Iron ore was not immune to the Brexit market crumble

Photo by Debbie Egan-Chin/NY Daily News Archive via Getty Images

On Friday, financial markets suffered some of their largest declines since the global financial crisis. The iron ore price was not immune.

According to Metal Bulletin, the spot price for benchmark 62% fines fell by $1.28, or 2.47%, to $50.61 a tonne.

The loss, the largest in percentage terms since June 14, trimmed the year to date gain to 16.2%.

“Commodities markets worldwide generally fell in the morning following exit polls from the referendum indicated Britain was likely to vote in favour of leaving the European Union,” said analysts at Metal Bulletin.

The group also notes that the steep decline came despite news that medium and larger Chinese steel mills remained profitable in the first four months of the year, a stark reversal from the trend seen at the end of 2015.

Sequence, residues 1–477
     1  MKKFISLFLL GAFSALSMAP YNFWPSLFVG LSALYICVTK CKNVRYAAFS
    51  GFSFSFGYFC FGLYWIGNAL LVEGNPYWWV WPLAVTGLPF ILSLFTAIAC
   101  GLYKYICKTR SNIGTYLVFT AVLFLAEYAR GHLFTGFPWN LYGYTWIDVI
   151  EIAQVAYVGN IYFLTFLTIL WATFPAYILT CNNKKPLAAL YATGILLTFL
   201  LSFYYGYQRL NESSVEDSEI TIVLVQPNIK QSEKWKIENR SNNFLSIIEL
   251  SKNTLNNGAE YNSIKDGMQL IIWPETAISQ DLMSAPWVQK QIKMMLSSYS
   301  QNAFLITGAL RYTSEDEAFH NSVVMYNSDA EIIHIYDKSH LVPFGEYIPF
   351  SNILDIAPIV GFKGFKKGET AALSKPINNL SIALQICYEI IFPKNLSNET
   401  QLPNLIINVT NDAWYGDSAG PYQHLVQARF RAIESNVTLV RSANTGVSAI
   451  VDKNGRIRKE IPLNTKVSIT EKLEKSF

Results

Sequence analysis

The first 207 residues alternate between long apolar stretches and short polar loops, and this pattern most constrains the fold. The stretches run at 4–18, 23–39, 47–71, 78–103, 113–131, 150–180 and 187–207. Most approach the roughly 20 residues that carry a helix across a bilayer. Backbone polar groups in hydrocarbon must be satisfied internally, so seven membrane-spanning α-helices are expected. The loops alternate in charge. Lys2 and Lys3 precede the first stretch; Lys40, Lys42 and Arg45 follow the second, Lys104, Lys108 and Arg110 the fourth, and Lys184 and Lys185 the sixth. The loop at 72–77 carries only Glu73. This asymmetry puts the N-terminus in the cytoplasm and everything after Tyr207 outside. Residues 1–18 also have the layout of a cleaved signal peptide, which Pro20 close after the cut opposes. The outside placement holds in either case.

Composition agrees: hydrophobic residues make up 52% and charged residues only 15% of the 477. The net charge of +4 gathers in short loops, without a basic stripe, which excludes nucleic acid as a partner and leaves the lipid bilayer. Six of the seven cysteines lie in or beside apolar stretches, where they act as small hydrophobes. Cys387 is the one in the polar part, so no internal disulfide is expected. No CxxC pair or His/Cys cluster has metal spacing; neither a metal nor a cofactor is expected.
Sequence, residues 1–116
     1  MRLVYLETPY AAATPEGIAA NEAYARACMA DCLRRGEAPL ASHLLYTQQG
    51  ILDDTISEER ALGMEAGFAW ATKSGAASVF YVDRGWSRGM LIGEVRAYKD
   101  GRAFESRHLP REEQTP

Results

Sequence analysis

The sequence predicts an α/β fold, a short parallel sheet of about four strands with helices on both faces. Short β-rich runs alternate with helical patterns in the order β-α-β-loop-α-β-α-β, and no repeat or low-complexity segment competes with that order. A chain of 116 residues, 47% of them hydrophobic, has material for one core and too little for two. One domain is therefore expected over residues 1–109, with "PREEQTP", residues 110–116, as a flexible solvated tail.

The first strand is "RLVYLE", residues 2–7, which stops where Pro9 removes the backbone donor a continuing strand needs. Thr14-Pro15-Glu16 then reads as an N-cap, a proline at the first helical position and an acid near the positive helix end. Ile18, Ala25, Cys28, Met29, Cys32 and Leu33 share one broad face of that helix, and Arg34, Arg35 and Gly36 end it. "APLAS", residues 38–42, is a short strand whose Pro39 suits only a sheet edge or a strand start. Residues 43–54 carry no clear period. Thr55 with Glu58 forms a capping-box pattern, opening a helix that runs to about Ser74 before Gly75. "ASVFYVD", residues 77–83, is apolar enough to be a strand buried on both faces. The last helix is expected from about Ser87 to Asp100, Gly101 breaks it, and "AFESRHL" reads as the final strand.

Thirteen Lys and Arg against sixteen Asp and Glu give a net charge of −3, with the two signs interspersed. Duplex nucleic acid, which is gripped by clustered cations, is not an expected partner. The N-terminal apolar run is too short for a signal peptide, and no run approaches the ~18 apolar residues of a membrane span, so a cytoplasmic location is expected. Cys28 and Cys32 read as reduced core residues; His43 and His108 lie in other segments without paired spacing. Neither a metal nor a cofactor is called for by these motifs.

“Medium-sized and large steelmakers in China made a combined net profit of 64 million yuan ($10 million) during the first four months of this year,” according to Wang Liqun, deputy chairman of the China Iron & Steel Association.

“The mills had been experiencing losses at the end of last year.”

Ever the optimists, Chinese traders don’t expect the weakness in the spot iron ore price to be sustained for any great period of time, driving Chinese futures higher in overnight trade on Friday.

The most actively traded September 2016 contract on the Dalian Commodities Exchange finished trade at 392 yuan, up 1.03% for the session.

Trade will resume at 11am AEST.

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